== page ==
Big screen newcomer Brandon Routh takes over the iconic role of Superman in director Bryan Singer’s highly-anticipated Superman Returns. Superhero Hype! got a chance to sit down and talk to Routh about playing the role in Warner Bros.’ new film:
Q: What was the best part of making this film?
Brandon Routh: The best part, there’s so many best parts, I don’t know. The best part for me now is people seeing it and now that we’re finally finished and getting to see the final product. And for being everything that I wanted it to be and intended for it to be. I’m so proud of the film and Bryan and Kate and Kevin and everybody. It’s a pretty amazing thing and I’m so excited to be part of it. The worst thing as always it’s probably going to be the physical aspect of being in the harness and flight. Making the flight happen. Some days it was great. Some days it wasn’t fun you know depending on how early in the morning I was up and in the harness and if I had to work out at 4am in the morning. All those things.
Q: Kate said you were very patient. I can’t believe you didn’t have a melt down.
Routh: I learned a lot of that stuff. People ask about the pressure of playing this character and a lot of these things and what I decided very early on was that I would just not listen to it and kind of believe there wasn’t any because there was no way that I could continue and portray this character if I were to be worried or have too much apprehension, so I kind of took strength in the character of Superman. I lived in that as much as I could in my own personal life so that I could not worry about things. You know, worry doesn’t really get you anywhere except maybe a frown.
Q: Have people pointed out a resemblance to Christopher Reeves before this movie?
Routh: Yeah, my first manager actually talked about my resemblance. I was a big fan of Chris and it was probably one of the main reasons he decided to work with me. Since then people have commented every now and then.
Q: Did you read the Superman comics?
Routh: I did not read the Superman comics. I was a big fan as a kid. You know, I think I’ve told this story many times about the first time I saw the movie wearing the Superman costume or pajamas with a little cape my mom still has. I was so excited to see the film at age five or six that I gave myself a migraine. I had the little silver bowl next to the couch in case I had an upset stomach through half the movie. I was always throwing things up in the air and seeing how they would fly. Making parachutes out of things and seeing how things would fly and my parents were like ‘this kid is crazy.” I didn’t read the comics, but I was a big fan of the films.
Q: Have you been recognized while you have been out?
Routh: There have been some yeah. In Monaco, there was a guy who had on a Superman shirt that I signed for him. He said he was a big fan. You know, some people are quite nervous when they meet me which is interesting because they haven’t seen the film. It shows the power that Superman has, great power the character has all around the world.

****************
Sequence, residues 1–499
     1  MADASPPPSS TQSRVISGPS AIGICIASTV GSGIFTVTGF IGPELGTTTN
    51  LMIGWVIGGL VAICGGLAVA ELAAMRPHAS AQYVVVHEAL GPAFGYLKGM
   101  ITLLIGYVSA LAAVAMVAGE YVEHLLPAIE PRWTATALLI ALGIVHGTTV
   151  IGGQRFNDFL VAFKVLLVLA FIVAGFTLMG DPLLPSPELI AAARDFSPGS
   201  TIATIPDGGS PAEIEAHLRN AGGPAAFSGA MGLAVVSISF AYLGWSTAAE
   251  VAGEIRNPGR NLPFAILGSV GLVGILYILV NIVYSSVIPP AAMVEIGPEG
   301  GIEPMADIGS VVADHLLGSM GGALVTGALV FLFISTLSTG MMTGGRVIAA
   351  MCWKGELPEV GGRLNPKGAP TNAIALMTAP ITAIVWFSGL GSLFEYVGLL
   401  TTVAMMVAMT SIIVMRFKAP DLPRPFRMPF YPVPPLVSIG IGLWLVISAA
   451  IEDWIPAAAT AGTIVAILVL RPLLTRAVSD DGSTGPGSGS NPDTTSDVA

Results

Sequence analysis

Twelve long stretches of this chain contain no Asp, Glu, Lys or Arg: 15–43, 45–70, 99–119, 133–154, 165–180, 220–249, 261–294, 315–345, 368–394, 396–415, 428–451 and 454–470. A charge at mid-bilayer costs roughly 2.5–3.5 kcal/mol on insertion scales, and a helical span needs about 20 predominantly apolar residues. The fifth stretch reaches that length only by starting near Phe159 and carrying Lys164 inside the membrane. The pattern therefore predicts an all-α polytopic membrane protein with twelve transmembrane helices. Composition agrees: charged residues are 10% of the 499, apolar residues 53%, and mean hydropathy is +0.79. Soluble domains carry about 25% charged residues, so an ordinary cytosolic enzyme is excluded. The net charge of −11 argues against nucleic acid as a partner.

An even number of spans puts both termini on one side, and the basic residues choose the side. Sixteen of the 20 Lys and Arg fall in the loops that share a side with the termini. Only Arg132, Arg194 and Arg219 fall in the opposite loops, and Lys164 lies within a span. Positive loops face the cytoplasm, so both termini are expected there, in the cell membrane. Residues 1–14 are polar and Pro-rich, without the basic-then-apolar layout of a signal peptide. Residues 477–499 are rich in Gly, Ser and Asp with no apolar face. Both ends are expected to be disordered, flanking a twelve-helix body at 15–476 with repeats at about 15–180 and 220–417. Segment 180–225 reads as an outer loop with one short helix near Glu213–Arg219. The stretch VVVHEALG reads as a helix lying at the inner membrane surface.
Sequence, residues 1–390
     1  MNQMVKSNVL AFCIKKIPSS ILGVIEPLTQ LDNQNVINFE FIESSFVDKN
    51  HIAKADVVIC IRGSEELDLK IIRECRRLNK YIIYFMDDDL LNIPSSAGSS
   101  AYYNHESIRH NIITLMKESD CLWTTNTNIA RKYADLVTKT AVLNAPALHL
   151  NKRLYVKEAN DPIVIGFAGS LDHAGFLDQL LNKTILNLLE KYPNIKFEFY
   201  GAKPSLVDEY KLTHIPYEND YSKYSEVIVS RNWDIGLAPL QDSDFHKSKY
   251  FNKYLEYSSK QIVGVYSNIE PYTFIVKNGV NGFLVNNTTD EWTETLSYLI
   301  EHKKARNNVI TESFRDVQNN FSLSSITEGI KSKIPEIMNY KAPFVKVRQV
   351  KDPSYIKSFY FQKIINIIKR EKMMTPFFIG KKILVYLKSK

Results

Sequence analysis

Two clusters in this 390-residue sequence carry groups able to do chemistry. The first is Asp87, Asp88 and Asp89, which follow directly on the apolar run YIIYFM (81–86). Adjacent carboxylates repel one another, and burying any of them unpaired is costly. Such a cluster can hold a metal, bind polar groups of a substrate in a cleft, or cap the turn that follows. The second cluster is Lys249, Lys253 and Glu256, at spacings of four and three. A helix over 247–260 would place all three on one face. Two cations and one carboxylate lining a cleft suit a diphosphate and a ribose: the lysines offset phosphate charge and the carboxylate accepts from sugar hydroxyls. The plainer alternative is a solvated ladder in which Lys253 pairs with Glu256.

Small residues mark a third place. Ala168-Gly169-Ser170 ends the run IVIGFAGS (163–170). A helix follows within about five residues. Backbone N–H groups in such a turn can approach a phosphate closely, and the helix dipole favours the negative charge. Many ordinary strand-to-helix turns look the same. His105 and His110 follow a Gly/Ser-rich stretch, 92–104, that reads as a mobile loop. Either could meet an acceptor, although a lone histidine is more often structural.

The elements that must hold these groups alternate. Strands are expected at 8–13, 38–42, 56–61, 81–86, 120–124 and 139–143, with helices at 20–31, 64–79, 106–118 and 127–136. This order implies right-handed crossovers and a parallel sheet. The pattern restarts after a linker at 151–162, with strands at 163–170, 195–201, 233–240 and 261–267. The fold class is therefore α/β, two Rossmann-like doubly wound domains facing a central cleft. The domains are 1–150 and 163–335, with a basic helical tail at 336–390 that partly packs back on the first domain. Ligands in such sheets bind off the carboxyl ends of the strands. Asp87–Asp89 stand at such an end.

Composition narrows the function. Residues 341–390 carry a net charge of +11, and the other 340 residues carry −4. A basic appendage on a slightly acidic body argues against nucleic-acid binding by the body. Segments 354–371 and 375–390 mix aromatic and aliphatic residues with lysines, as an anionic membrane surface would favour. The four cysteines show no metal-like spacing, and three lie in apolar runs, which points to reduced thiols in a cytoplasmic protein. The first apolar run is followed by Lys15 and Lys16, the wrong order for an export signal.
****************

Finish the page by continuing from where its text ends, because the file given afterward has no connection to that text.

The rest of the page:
Q: What favorite hobby are you going to miss doing without people recognizing you?
Routh: Well, I actually like to go, I wouldn’t call it a hobby, but I actually kind of like walking around stores. Like the grocery store in the evening for some reason. It’s soothing.
Q: You just go in and walk around the isle?
Routh: Yeah, I go with my girlfriend like places like Whole Food where you can read about the products and all that stuff. Knowledge. You’re learning about health. I don’t know why. It’s just interesting.
Q: Do you do this separately when you don’t need groceries?
Routh: No, it’s usually when I need something. But, I enjoy it as I’m doing it.
Q: You just need to put on a pair of glasses and nobody would recognize you.
Routh: I’ve tried that, it doesn’t work.
Q: Did you try to mimic Christopher Reeves at all?
Routh: Well, the film is written to be the vague sequel to the first two films. Inheritably in the script there are many homages in the character and especially written from that character so there are similarities because of that. The only thing that was done really only to mimic Chris’ performances pushing the glasses up with the forefinger. I did that sometimes and sometimes Bryan would love a shot and I didn’t do it, he’d tell me to do it because it fit in a certain shot or sometimes I adjusted the glasses like that. Certainly all of my performance was influenced by Chris. Chris was my Superman, so when I read the script I envisioned the script. He was in my head all the time. My Clark is really everything that comes from him is, all about excitement about being around when he first sees Lois again, you know, meets Jason and Richard. It’s all about him being so excited and where the goofiness and clumsiness comes in. There’s a certain amount that’s always going to seem like Chris and all the other people who have come before because that’s kind of where we see as a collective audience. We don’t want to vary too much from that.
Q: Have you seen the IMAX 3D?
Routh: Oh it’s fantastic. I’ve never seen anything on 3D so that was just fantastic. I was just blown away in the plane sequence where you see the pen and recorder floating and the mailbox standing there. It was just stunning. I’m going to have to see more because I only saw four minutes of it. I’m definitely going to have to see it in IMAX somewhere.
Q: What is it like seeing yourself as Superman on the screen?
Routh: It’s weird. We basically shot the film in chronicle order for Superman anyway. So I think I actually feel that way about it. I feel more confident in the end of film. I think the character is actually making that journey in the film. Even though he’s only been gone for five years he’s still kind of getting back in the swing of things. So I actually feel that emotionally when I’m watching it. It’s still weird for me to watch because I’m Superman, because it’s weird. It’s much easier for me to watch Clark. I enjoy watching Clark and it was great fun to be able to play him.
Q: Can you talk about wearing the suit and what kind of dieting you had to do?